Wordsmith.org: the magic of words

Wordsmith Talk

About Us | What's New | Search | Site Map | Contact Us  

Topic Options
#52479 - 01/11/02 04:57 AM What Katie did
consuelo Offline
Carpal Tunnel

Registered: 06/11/01
Posts: 2636
Loc: Caribbean
Where did the expression "Katie bar the door." come from?


Top
#52480 - 01/11/02 05:13 AM Re: What Katie did
Wordwind Offline
Carpal Tunnel

Registered: 09/30/01
Posts: 6296
Loc: Piedmont Region of Virginia, U...
Well, Consuelo, here's a bit I googled:

"Up to par, Katie bars the kitchen signs but not me in"
There's an old saying "Katie bar the door". It's used a lot in the south meaning, "something unstoppable [is coming]". [gerbil] * 'Katie bar the kitchen door' is a southern term that meant you better watch out. [Stipe, on AOL] * It's been suggested that this song might be related to Stipe's sister's experience teaching deaf children. (Consider also "I'm the sign and you're not deaf.") Therefore, the "sign" in question might be American Sign Language. [Chris Piuma] * "Up to par" means "good enough". [Chris Piuma


http://www.flim.com/remlafaq/murmur/sittingstill.html

And that's just theory, so mebbe you'll get some more theories on this today.

Best regards,
WW


Top
#52481 - 01/11/02 10:03 AM Re: What Katie did
wwh Offline
Carpal Tunnel

Registered: 01/18/01
Posts: 13858
From Word-Detective:
I can tell you that "Katie bar the door" is a colloquial expression meaning "look out" or
"get ready for trouble," and that it is heard primarily in the Southern United States. Beyond that, things get very murky. I even
searched the Internet for an answer, but all I discovered about "Katie bar the door" on the Net is that the phrase may or may
not -- opinions vary -- occur in the lyrics to an old REM song.

Eventually, like Dorothy in The Wizard of Oz, I realized that the best
answer I was likely to find was in my own back yard all along. My parents,
in their Morris Dictionary of Word and Phrase Origins, report similar
difficulty in tracing "Katie bar the door." In their case however, a helpful
reader came to the rescue and noted that the phrase most probably came
from an old English folk song. In the song, Katie and her husband are
arguing, and somehow agree that the next one to speak will lose the
argument. Since neither will speak to suggest barring the door at bedtime,
robbers break in during the night and commit various outrages against the
pair. The end of the song apparently involves the husband crying out at last
and repelling the miscreants, thereby losing the argument with his wife.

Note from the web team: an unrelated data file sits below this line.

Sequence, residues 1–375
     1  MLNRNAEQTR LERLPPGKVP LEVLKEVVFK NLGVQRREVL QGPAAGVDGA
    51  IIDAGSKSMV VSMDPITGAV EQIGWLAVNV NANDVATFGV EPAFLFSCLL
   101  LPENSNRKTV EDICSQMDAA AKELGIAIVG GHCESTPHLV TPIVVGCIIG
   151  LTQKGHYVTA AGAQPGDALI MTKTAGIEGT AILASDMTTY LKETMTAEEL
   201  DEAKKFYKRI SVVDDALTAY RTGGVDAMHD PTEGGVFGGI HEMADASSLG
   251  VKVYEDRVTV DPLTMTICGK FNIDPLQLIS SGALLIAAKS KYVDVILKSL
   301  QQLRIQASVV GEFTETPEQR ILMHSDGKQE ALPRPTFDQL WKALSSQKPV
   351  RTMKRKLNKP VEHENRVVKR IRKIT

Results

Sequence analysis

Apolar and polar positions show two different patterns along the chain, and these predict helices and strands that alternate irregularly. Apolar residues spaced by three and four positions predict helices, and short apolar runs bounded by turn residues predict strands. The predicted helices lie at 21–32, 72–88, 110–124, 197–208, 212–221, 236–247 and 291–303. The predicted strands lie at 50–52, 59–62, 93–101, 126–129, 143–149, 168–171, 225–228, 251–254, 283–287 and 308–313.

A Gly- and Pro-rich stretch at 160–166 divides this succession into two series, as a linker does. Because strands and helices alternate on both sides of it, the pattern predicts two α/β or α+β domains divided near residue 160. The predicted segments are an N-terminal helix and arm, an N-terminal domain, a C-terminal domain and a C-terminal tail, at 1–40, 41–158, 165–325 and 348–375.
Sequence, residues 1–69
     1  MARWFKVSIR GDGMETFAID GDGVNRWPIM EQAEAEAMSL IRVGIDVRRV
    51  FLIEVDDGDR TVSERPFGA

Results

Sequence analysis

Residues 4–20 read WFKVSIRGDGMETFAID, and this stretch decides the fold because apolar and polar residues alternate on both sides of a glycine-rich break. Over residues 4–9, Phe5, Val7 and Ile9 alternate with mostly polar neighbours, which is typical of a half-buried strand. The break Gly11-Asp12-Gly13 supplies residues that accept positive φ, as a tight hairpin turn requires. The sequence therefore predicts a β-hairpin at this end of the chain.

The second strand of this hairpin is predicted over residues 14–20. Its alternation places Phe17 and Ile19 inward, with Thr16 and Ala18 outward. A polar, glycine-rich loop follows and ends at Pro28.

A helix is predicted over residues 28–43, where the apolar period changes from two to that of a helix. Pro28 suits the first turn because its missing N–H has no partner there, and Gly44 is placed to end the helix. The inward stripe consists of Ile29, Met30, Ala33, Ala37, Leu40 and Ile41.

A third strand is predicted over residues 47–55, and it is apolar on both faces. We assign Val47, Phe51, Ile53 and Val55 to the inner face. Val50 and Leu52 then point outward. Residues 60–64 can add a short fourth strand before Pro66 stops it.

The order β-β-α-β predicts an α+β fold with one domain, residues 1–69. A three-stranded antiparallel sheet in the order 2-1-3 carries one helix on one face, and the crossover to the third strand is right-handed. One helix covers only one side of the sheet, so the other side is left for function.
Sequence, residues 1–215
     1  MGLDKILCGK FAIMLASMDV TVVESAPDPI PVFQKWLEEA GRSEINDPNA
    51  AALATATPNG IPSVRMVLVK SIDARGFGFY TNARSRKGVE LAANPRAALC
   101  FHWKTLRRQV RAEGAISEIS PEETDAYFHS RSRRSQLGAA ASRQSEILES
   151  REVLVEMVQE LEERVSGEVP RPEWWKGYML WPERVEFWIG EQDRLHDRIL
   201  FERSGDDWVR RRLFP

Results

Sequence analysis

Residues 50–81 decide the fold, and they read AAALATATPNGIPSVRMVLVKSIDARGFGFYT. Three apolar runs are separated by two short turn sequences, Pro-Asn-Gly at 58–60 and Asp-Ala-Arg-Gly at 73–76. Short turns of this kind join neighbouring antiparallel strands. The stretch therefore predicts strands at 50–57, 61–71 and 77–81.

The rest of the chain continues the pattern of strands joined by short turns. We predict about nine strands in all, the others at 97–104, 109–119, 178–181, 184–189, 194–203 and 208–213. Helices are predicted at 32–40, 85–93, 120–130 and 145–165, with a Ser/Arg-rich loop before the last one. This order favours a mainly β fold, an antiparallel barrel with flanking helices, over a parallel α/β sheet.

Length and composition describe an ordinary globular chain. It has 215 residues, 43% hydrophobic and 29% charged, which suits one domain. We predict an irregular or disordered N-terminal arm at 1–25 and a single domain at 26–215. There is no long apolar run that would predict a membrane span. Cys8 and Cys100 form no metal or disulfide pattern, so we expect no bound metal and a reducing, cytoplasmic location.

Since I don't have the actual lyrics to the song, I can only presume that the
phrase "Katie bar the door" occurs as a refrain or concluding stanza, but
the accepted meaning of the phrase certainly fits the story conveyed in the song.




Top
#52482 - 01/11/02 11:30 AM Re: What Katie did
Keiva Offline
Carpal Tunnel

Registered: 08/04/01
Posts: 2605
dr. bill, sounds like an old ballad I vaguely remember, where the punch line is ...
No, let's not spoil it. The ballad can be found at http://www.bartleby.com/243/172.html
The wife's name is never specified.


Top
#52483 - 01/13/02 12:45 AM Re: What Katie did
francais31415 Offline
member

Registered: 01/15/01
Posts: 157
I remember studying that ballad in a British Literature class. I think it was medeival (sp?) - I know that unit came before the one on Shakespeare, anyway. There were a lot of beautiful poems in that unit.


Top

Moderator:  Jackie 
Forum Stats
8758 Members
16 Forums
13812 Topics
215858 Posts

Max Online: 3341 @ 12/09/11 02:15 PM
Newest Members
BikerVet, MSusanElizabeth, Sumac, cocozh421, PKLA22
8758 Registered Users
Who's Online
0 registered (), 239 Guests and 5 Spiders online.
Key: Admin, Global Mod, Mod
Top Posters (30 Days)
wofahulicodoc 113
LukeJavan8 100
endymion6 96
A C Bowden 30
Tromboniator 12
Jackie 1
Storymom 1
Top Posters
wwh 13858
Faldage 13803
Jackie 11610
tsuwm 10523
Buffalo Shrdlu 7210
LukeJavan8 6691
AnnaStrophic 6511
Wordwind 6296
of troy 5400
BranShea 5282

Disclaimer: Wordsmith.org is not responsible for views expressed on this site. Use of this forum is at your own risk and liability - you agree to hold Wordsmith.org and its associates harmless as a condition of using it.

Home | Today's Word | Yesterday's Word | Subscribe | FAQ | Archives | Search | Feedback
Wordsmith Talk | Wordsmith Chat

© 2014 Wordsmith